Monday, January 14, 2013

Slide Mountain in Winter

The hike to the top of Slide Mountain in the Catskills from the trailhead near Winisook often gets knocked as a boring slog through the woods with limited views from the summit. That's debatable at best and untrue in winter. As I learned on 3 January 2013, the summit of Slide, at 4,180’, is a great destination for winter camping in a surreal landscape shrouded in snow.  

My son Max and I loaded up our overnight gear, strapped on our snowshoes, and set off in the late afternoon from the parking lot on Slide Mountain Road.  We followed the yellow-blazed Phoenicia-East Branch Trail to the red-blazed Wittenberg-Cornell-Slide Trail to the summit. While there were a few short and steep sections at the start, most of the ascent was long, gradual climb of about two miles with great views of the late afternoon sun on the forests. 

We started later than I wanted, around 3:30, but by sunset--around 5 pm--we were well into the balsam forest that covers the top part of the mountain. To preserve the ecosystem, overnight camping on Slide is prohibited above 3,500’ from March 22 to December 29. We were happy to take advantage of the winter interlude to sleep on the summit.

The well-packed trail was easy to follow, so we snowshoed until we found a good campsite: off the trail and surrounded by trees to break the wind, but not so wooded that we feared for snow-laden trees dropping their burdens on us in the middle of the night. 

We dropped our packs, gulped some water, and munched granola bars to restore our energy. (The need to eat regularly to maintain body warmth and energy makes winter backpacking a moveable feast.) Then we pitched our tent, a sturdy MSR design pictured here, at our mountaintop campsite. To keep us secure in any winds, we tied our guy lines to snowshoes and ski poles buried in the snow.  For all our precautions, it was a quiet night.

We cooked supper on a butane stove by the light of our headlamps, their beams glistening off sparkling snowflakes and cutting through the steam that rose from our cooking pot. The cold weather made our butane stove predictably slow to boil water, but all worked out fine.    Warmed by a meal of macaroni and cheese, mixed vegetables, and double strength hot chocolate, we soon felt warm and refreshed.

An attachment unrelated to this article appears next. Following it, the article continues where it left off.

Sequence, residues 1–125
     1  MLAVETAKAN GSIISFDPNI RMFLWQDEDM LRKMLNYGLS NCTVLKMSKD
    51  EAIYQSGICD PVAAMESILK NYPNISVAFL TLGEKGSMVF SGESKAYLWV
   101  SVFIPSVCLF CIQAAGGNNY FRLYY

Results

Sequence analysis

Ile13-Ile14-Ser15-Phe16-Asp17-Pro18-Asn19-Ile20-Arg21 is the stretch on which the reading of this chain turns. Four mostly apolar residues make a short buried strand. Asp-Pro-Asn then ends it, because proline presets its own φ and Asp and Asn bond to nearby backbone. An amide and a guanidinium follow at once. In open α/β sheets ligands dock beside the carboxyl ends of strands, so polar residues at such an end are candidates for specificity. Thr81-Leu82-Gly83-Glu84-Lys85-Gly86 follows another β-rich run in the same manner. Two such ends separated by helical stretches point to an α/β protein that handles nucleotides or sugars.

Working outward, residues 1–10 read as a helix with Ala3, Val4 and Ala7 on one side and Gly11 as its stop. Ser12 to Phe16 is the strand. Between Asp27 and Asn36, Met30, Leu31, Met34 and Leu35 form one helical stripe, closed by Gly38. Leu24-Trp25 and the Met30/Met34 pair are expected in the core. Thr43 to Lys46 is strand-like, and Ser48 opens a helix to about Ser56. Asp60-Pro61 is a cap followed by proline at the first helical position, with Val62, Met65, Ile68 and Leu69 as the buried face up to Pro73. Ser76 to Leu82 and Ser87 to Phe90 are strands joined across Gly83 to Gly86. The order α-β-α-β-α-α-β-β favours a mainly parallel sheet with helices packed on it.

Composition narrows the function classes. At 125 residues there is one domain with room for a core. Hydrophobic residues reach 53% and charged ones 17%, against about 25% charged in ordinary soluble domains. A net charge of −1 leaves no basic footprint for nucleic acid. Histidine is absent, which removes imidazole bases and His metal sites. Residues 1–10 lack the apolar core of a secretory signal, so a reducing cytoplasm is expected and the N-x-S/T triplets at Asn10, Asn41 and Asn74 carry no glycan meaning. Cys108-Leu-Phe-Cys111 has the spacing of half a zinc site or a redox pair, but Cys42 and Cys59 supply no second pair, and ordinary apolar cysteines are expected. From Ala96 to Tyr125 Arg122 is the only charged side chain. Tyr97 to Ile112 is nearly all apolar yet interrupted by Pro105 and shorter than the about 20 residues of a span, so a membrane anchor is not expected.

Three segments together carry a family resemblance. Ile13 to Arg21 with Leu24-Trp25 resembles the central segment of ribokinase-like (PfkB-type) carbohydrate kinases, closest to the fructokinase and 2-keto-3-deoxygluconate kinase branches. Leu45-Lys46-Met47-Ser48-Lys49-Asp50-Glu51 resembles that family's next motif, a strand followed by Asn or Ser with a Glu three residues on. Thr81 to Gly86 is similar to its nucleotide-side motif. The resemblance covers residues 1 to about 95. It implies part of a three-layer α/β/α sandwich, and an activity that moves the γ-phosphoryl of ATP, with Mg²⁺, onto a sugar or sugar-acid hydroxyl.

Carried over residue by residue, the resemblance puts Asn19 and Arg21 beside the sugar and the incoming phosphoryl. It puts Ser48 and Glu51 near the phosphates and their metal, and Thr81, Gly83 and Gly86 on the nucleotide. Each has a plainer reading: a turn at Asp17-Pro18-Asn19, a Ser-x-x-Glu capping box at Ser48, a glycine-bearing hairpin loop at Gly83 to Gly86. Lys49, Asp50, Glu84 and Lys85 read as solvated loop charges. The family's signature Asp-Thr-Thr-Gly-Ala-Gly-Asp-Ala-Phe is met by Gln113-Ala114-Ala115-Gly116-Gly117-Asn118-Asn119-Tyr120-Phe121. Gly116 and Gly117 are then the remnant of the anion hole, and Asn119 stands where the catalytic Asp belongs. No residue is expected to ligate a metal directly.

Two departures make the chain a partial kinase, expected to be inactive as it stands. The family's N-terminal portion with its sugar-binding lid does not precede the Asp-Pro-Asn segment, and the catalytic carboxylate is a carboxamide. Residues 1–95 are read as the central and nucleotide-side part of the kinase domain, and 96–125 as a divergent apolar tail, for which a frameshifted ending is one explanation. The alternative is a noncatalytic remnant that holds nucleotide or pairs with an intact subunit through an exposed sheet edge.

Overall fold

For our evening's entertainment we walked few hundred yards down the trail to the actual summit. The deep snows muffled our every sound.  The trees around us were so covered in snow that their shapes were fantastic—by turns round, bulging and pointy.

From the top of Slide we took in wintry views of the Catskills, then returned to our snug tent and warm sleeping bags for more chocolate.  With zero degree bags and double foam pads, we were comfortable.  

We slept late and ate a breakfast of oatmeal and hot chocolate. As we packed our tent, a passing snowshoer arriving on the summit told us that overnight the temperature had gone down to 0. 

We descended without incident and drove down the mountain. Our only dispute was a generational disagreement on the proper musical accompaniment for our triumphant trip home. We eventually settled on the Grateful Dead and went home happily. 

Slide in the winter is a serious trip. We took the easy route up (compared to the ascent over Wittenberg) and brought good winter gear, including insulated boots, mittens, warm hats, and lots of layers of clothing. Don’t attempt a winter campout on Slide unless you have appropriate gear and a solid knowledge of winter camping. But if you have all of these, it’s a great trip.

Photo by Max Snyder.

Tuesday, October 30, 2012

After the Storm

Along the East River at  78 Street last night, at abut 8:30 pm, water had crested over the riverside walkways.

 I returned about noon  today to find a much quieter scene. 

On the upper east  and west sides of Manhattan today, there was the amiable, outgoing atmosphere that I associate with a day after a snowstorm in New York City. People step out of their apartments, put on their friendliest faces, and enthusiastically become part of a scene that is much larger then themselves. Downtown and in New Jersey, things are much worse.

Fifty blocks south of me, my friend has no power. Classes at Rutgers-Newark, where I teach, have been cancelled through Friday. Power is out in Newark; one of my students there cut short an e-mail because she wanted to preserve the juice that remained on her computer.